- Software name: appdown
- Software type: Microsoft Framwork
- size: 480MB
V1 is here; for the Marquis de Vaudreuil, like me, spent only a month at Quebec. As for Quebec, it is as good as the best cities of France, except ten or so. Clear sky, bright sun; neither spring nor autumn, only summer and winter. July, August, and September, hot as in Languedoc: winter insupportable; one must keep always indoors. The ladies spirituelles, galantes, dvotes. Gambling at Quebec, dancing and conversation at Montreal. My friends the Indians, who are often unbearable, and whom I treat with perfect tranquillity and patience, are fond of me. If I were not a sort of general, though very subordinate to the Governor, I could gossip about the plans of the campaign, which it is likely will begin on the tenth or fifteenth of May. I worked at the plan of the last affair [Rigaud's expedition to Fort William Henry], which might have turned out better, though good as it was. I wanted only eight hundred men. If I had had my way, Monsieur de Lvis or Monsieur de Bougainville would have had charge of it. However, the thing was all right, and in good hands. The Governor, who is extremely civil to me, gave it to his brother; he thought him more used to winter marches. Adieu, my heart; I adore and love you!" Mrs. Grant, Memoirs of an American Lady, 226 (ed. 1876).
V2 On the twenty-sixth they were all anchored off the south shore of the Island of Orleans, a few miles from Quebec; and, writes Knox, "here we are entertained with a most agreeable prospect of a delightful country on every side; windmills, watermills, churches, chapels, and compact farmhouses, all built with stone, and covered, some with wood, and others with straw. The lands appear to be everywhere well cultivated; and with the help of my glass I can discern that they are sowed with flax, wheat, barley, peas, etc., and the grounds are enclosed with wooden pales. The weather to-day is agreeably warm. A light fog sometimes hangs over the highlands, but in the river we have a fine clear air. In the curve of the river, while we were under sail, we had a transient view of a stupendous natural curiosity called the waterfall of Montmorenci."V1 of William Johnson, on the Mohawk, he wrote to Clinton in evident anxiety for his own scalp: "If the French go on so, there is no man can be safe in his own house; for I can at any time get an Indian to kill any man for a small matter. Their going on in that manner is worse than open war."
Rouville and his men, savage with hunger, lay shivering under the pines till about two hours before dawn; then, leaving their packs and their snow-shoes behind, they moved cautiously towards their prey. There was a crust on the snow strong enough to bear their weight, though not to prevent a rustling noise as it crunched under the feet of so many men. It is said that from time to time Rouville commanded a halt, in order that the sentinels, if such there were, might mistake the distant sound for rising and falling gusts of wind. In any case, no alarm was given till they had mounted the palisade and dropped silently into the unconscious village. Then with one accord they screeched the war-whoop, and assailed the doors of the houses with axes and hatchets.The ship that carried Colonel King, of the artillery, had a narrow escape. King says that she anchored in a driving rain, "with a shoal of rocks on each quarter within a cable's length of us, which we plainly perceived by the waves breaking over them in a very violent manner." They were saved by a lull in the gale; for if it had continued with the same violence, he pursues, "our anchors could not have held, and the wind and the vast seas which ran, would have broke our ship into ten thousand pieces against the rocks. All night we heard nothing but ships firing and showing lights, as in the utmost distress."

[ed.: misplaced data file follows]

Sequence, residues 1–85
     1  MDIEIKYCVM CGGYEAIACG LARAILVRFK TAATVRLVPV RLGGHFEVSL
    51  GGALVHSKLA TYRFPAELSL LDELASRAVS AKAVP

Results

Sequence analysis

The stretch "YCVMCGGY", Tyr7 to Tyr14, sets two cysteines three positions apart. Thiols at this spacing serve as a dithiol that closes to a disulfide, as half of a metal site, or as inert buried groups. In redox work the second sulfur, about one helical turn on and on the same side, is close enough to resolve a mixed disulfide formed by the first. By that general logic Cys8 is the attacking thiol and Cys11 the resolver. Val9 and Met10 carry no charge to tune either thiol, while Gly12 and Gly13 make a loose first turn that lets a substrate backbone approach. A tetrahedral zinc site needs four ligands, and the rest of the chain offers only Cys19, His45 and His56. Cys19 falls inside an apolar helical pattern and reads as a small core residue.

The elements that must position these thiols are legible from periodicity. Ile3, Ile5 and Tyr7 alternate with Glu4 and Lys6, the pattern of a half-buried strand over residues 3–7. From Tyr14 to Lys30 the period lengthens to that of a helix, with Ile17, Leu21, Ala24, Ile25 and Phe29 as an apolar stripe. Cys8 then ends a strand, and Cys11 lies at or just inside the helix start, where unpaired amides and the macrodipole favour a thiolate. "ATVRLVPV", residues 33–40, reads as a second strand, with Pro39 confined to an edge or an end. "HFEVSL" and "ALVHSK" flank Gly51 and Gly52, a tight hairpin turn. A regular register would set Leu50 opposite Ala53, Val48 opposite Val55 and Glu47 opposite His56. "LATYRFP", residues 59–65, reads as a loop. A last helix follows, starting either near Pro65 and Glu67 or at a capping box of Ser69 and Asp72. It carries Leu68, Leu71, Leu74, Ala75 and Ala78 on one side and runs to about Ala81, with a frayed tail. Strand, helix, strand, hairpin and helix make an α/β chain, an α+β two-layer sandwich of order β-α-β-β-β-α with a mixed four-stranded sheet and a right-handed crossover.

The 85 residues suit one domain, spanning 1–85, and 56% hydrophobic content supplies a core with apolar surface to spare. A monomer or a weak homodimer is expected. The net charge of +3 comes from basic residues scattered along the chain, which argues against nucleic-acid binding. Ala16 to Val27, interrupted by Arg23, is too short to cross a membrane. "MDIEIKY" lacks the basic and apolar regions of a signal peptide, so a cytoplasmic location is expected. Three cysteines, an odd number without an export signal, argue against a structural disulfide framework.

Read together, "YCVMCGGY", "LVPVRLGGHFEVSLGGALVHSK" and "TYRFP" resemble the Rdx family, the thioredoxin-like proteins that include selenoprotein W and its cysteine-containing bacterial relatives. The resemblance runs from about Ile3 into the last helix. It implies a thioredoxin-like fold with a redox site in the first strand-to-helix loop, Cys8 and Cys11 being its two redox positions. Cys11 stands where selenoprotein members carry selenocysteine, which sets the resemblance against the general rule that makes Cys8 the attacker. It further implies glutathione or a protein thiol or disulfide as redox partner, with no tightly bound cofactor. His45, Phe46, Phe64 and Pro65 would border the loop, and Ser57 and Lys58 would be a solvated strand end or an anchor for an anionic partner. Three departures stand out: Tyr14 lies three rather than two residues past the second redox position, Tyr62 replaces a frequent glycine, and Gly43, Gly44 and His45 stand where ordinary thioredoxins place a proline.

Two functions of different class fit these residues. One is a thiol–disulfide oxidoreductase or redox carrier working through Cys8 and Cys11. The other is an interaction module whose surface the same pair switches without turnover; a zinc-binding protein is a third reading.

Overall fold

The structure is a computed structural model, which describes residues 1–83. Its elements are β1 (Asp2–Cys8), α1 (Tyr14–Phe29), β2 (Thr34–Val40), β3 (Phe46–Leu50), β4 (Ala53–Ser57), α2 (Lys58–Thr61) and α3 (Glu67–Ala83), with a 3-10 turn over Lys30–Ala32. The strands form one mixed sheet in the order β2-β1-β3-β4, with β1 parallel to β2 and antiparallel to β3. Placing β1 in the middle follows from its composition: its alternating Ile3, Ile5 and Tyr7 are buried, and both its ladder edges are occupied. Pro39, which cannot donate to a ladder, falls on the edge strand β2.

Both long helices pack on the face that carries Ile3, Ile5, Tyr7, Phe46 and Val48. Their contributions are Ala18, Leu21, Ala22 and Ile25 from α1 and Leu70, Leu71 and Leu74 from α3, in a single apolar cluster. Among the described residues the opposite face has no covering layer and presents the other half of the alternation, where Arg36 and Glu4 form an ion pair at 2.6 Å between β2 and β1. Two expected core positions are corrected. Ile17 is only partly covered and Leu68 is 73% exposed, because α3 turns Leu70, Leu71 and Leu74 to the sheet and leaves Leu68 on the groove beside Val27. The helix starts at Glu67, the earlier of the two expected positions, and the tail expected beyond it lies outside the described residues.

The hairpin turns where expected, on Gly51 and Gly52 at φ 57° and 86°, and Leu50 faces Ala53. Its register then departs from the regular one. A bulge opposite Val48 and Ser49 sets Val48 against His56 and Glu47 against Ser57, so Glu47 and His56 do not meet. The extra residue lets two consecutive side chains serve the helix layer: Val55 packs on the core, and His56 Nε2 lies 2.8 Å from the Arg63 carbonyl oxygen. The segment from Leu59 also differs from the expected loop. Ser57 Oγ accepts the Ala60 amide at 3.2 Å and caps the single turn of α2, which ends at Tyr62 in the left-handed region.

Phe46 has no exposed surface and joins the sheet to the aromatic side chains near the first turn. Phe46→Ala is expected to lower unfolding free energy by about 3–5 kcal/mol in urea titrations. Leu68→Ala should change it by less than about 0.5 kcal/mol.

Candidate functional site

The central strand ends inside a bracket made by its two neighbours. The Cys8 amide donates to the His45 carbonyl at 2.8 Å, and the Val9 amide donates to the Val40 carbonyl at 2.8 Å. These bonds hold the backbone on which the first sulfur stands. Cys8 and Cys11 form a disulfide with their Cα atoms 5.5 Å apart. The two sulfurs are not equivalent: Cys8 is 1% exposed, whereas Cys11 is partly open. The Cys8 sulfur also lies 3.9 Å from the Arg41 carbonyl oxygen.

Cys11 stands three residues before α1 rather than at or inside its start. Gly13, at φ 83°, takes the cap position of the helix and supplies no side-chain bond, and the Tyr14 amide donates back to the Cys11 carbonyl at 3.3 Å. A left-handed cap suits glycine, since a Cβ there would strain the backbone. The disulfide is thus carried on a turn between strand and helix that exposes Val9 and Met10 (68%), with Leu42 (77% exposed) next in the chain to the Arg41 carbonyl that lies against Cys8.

A curious incident happened during one of the attacks. De Bassignac, a captain in the battalion of Royal Roussillon, tied his handkerchief to the end of a musket and waved it over the breastwork in defiance. The English mistook it for a sign of surrender, and came forward with all possible speed, holding their muskets crossed over their heads in both hands, and crying Quarter. The French made the same mistake; and thinking that their enemies were giving themselves up as prisoners, ceased firing, and mounted on the top of the breastwork to receive them. Captain Pouchot, astonished, as he says, to see them perched there, looked out to learn the cause, and saw that the enemy meant anything but surrender. Whereupon he shouted with all his might: "Tirez! Tirez! Ne voyez-vous pas que ces gens-l vont vous enlever?" The soldiers, still standing on the breastwork, instantly gave the English a volley, which killed some of them, and sent back the rest discomfited. Fright overcame fatigue. The fugitives toiled on all night, pursued by spectres of horror and despair; hearing still the war-whoops and the shrieks; possessed with the one thought of escape from the wilderness of death. In the morning some order was restored. Braddock was placed on a horse; then, the pain being insufferable, he was carried on a litter, Captain Orme having bribed the carriers by the promise of a guinea and a bottle of rum apiece. Early in the succeeding night, such as had not fainted on the way reached the deserted farm of Gist. Here they met wagons and provisions, with a detachment of soldiers sent by Dunbar, whose camp was six miles farther on; and Braddock ordered them to go to the relief of the stragglers left behind.